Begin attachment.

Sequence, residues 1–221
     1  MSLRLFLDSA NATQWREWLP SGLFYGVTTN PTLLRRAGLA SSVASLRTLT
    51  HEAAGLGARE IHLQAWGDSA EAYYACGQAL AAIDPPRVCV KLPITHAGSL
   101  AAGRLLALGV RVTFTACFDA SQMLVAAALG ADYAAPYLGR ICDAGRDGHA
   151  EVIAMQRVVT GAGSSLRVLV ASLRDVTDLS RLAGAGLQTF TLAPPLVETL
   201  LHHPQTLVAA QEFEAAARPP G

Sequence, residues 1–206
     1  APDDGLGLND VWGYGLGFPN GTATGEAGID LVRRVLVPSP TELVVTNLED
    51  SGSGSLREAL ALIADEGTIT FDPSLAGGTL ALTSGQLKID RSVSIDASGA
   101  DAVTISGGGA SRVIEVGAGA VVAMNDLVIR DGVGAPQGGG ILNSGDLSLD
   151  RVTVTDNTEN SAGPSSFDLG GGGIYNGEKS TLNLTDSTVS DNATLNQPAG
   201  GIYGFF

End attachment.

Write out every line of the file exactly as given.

Sequence, residues 1–221
     1  MSLRLFLDSA NATQWREWLP SGLFYGVTTN PTLLRRAGLA SSVASLRTLT
    51  HEAAGLGARE IHLQAWGDSA EAYYACGQAL AAIDPPRVCV KLPITHAGSL
   101  AAGRLLALGV RVTFTACFDA SQMLVAAALG ADYAAPYLGR ICDAGRDGHA
   151  EVIAMQRVVT GAGSSLRVLV ASLRDVTDLS RLAGAGLQTF TLAPPLVETL
   201  LHHPQTLVAA QEFEAAARPP G

Sequence, residues 1–206
     1  APDDGLGLND VWGYGLGFPN GTATGEAGID LVRRVLVPSP TELVVTNLED
    51  SGSGSLREAL ALIADEGTIT FDPSLAGGTL ALTSGQLKID RSVSIDASGA
   101  DAVTISGGGA SRVIEVGAGA VVAMNDLVIR DGVGAPQGGG ILNSGDLSLD
   151  RVTVTDNTEN SAGPSSFDLG GGGIYNGEKS TLNLTDSTVS DNATLNQPAG
   201  GIYGFF